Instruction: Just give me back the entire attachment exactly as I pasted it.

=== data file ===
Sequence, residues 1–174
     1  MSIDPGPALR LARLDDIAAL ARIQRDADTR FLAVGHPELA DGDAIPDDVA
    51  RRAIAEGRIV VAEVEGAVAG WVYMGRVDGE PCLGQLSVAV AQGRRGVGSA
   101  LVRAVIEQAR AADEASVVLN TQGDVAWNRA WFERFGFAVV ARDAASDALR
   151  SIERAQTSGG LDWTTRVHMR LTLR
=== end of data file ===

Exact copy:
Sequence, residues 1–174
     1  MSIDPGPALR LARLDDIAAL ARIQRDADTR FLAVGHPELA DGDAIPDDVA
    51  RRAIAEGRIV VAEVEGAVAG WVYMGRVDGE PCLGQLSVAV AQGRRGVGSA
   101  LVRAVIEQAR AADEASVVLN TQGDVAWNRA WFERFGFAVV ARDAASDALR
   151  SIERAQTSGG LDWTTRVHMR LTLR